The Turning of the Worm

29 July 2022

In the early 1950s, the German military requested motor manufacturers to tender for an off-road vehicle to compete with the British Land Rover and the American Jeep.

In response to the tender request, only three manufacturers produced prototypes, Porsche, Auto Union (DKW) and a Borgward subsidiary, Goliath. Interestingly, Volkswagen was invited to tender but declined as they struggled to meet the ‘Beetle’ demand.

Porsche produced the Jagdwagen or Type 597, an amphibious, 4×4 vehicle fitted with a modified Porsche 356 engine. The four-wheel drive was selectable and built on a sealed monocoque ‘hull’ and, therefore, could be utilised for amphibious deployment.

Porsche was able to design this unique vehicle knowledgeably due to their previous experience with sports car engines and tractors. Also, Ferdinand Porsche had expertise in designing military off-road vehicles during WWII.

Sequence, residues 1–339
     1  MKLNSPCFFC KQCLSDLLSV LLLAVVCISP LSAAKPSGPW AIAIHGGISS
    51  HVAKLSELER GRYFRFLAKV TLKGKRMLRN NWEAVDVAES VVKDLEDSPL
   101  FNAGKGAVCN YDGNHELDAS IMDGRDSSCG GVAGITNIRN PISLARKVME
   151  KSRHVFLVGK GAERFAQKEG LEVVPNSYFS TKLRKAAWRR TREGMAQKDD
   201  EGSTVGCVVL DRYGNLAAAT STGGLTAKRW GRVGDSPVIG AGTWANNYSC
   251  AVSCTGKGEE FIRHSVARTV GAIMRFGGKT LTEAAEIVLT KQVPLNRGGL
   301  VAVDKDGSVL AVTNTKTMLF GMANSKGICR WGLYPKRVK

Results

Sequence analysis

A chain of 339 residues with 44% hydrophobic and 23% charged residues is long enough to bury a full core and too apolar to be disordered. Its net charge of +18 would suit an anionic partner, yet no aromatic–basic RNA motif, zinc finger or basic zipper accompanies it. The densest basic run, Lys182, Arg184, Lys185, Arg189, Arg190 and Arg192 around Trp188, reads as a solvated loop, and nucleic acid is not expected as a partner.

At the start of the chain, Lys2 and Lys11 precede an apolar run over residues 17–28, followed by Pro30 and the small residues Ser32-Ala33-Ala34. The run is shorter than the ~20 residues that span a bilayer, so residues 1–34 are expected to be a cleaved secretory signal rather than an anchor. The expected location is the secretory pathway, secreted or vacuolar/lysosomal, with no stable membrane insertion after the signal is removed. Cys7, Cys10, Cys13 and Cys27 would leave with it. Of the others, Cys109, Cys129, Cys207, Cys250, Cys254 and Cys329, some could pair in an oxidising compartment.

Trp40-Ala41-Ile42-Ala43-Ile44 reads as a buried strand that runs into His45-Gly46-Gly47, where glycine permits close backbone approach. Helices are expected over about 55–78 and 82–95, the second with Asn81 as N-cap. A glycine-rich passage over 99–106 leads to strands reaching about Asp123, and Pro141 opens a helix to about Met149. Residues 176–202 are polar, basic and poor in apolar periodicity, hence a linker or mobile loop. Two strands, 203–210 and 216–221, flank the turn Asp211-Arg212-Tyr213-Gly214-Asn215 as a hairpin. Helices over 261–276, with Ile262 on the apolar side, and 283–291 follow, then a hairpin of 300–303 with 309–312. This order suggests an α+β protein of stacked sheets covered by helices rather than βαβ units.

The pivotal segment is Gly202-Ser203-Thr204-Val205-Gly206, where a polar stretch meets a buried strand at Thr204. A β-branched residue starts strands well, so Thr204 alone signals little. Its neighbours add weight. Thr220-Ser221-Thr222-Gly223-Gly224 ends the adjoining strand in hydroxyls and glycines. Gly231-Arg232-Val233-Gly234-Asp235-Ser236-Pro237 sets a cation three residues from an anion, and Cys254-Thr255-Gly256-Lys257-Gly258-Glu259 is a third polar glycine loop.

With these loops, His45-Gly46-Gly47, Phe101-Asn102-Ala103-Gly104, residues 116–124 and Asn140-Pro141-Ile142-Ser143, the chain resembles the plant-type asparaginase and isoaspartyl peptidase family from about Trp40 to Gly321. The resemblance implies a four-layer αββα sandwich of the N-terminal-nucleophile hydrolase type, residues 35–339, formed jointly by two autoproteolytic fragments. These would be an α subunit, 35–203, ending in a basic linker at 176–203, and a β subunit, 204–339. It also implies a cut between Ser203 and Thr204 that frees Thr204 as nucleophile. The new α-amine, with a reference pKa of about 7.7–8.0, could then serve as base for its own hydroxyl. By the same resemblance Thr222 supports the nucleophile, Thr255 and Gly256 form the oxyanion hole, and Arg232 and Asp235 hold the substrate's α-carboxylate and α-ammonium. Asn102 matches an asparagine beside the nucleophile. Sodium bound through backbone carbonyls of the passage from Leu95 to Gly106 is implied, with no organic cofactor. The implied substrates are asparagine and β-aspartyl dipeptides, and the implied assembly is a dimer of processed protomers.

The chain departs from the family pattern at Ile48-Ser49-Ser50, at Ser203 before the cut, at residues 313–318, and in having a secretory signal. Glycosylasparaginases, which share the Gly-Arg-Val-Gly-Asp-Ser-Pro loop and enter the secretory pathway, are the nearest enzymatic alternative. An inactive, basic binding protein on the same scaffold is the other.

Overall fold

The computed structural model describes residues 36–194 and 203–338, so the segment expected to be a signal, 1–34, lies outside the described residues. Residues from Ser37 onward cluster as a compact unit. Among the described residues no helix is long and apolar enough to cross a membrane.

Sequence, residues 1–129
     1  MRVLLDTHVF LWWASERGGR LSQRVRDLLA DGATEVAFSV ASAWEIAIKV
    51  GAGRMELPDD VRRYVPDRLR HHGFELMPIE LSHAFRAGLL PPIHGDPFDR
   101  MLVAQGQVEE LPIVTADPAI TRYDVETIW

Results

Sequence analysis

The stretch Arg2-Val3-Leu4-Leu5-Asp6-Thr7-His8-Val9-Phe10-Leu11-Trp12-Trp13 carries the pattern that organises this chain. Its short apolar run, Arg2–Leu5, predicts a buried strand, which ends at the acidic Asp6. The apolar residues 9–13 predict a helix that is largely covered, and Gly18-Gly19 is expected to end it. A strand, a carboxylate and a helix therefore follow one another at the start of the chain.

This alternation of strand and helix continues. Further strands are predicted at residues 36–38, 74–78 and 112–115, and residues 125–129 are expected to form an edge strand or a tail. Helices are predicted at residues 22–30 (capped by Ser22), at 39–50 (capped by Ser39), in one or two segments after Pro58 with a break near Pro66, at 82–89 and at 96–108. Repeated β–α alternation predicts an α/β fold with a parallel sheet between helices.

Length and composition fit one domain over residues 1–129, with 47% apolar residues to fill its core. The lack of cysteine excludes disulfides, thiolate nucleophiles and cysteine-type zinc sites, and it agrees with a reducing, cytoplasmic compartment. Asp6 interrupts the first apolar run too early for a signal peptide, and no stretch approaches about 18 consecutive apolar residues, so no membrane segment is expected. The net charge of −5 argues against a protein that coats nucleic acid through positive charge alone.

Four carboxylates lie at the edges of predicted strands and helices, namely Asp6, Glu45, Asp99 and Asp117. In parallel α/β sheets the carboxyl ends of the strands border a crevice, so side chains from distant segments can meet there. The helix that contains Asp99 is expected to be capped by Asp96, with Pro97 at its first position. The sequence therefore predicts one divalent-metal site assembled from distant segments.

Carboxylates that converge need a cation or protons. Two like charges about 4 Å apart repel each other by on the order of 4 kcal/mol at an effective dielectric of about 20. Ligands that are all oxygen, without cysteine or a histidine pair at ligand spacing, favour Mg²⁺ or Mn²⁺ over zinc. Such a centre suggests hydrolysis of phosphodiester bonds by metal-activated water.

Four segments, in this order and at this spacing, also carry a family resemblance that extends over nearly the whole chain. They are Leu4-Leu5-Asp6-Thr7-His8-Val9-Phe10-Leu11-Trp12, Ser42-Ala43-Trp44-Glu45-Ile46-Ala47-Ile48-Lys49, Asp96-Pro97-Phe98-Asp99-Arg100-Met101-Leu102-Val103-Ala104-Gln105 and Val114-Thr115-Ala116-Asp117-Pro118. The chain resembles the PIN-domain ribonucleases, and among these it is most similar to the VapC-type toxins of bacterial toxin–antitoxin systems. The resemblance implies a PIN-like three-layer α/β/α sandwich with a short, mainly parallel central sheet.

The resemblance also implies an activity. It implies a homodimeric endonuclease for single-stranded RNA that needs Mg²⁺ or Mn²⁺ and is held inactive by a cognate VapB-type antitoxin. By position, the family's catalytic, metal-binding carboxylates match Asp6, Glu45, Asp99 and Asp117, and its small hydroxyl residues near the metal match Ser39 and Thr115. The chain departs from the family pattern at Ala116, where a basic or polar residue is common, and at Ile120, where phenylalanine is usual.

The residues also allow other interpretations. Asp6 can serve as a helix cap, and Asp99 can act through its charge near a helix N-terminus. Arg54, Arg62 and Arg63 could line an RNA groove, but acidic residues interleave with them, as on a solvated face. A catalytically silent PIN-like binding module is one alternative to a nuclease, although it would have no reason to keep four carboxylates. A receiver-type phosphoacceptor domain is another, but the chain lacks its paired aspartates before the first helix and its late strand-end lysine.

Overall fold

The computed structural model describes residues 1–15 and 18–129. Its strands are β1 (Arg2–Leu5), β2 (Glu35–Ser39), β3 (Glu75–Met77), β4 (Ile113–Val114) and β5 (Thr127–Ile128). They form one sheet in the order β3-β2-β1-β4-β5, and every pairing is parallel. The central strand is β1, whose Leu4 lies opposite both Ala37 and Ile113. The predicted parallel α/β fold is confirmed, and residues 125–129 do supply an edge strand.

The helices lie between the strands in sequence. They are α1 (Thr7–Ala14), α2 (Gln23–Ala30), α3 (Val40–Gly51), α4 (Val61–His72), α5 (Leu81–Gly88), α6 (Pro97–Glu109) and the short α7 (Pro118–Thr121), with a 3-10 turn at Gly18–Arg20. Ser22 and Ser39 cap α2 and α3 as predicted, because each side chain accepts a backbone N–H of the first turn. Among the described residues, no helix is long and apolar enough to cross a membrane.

Eventually the Auto Union DKW Munga was selected because it could be built in the numbers required, and equally importantly, it was relatively inexpensive.

When it was clear that Porsche, despite being considered the premier vehicle, had not won the tender, they decided to try and market the Jagdwagen, translated means Hunting Car, to the non-military market. Unfortunately, it was not received well by Joe Public, meaning only 71 were built, of which 22 were prototypes.

The Jagdwagen was the first 4×4 produced by Porsche, and it was somewhat of a failure. Move forward 50 years, and Porsche ventured into the 4×4 world for a second time with the Cayenne and later the Macan.

As we now know, these two SUVs would become the marque’s best-selling vehicles, helping to ensure the company’s survival in the future.

How the worm turns.